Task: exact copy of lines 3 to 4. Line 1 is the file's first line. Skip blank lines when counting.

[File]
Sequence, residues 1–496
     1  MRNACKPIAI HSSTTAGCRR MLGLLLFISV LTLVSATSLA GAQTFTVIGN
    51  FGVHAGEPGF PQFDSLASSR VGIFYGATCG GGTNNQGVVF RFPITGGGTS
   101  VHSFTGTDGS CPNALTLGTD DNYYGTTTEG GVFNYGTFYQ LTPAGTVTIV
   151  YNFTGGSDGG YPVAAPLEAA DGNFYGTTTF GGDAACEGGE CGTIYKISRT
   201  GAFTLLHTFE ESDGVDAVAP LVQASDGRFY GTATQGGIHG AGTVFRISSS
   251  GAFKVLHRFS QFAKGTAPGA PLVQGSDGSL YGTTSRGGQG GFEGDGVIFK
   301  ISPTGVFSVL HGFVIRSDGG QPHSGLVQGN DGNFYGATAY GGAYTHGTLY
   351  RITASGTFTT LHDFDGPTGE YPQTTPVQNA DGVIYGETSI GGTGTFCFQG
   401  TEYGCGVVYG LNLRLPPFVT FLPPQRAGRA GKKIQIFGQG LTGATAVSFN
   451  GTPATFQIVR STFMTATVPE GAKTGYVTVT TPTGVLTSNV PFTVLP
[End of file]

    51  FGVHAGEPGF PQFDSLASSR VGIFYGATCG GGTNNQGVVF RFPITGGGTS
   101  VHSFTGTDGS CPNALTLGTD DNYYGTTTEG GVFNYGTFYQ LTPAGTVTIV